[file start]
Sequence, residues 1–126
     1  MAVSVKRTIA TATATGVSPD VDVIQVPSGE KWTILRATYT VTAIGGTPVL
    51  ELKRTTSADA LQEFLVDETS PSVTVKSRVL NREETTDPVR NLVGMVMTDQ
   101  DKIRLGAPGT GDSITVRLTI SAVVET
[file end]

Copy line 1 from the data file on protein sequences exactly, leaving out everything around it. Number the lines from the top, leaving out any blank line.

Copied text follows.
Sequence, residues 1–126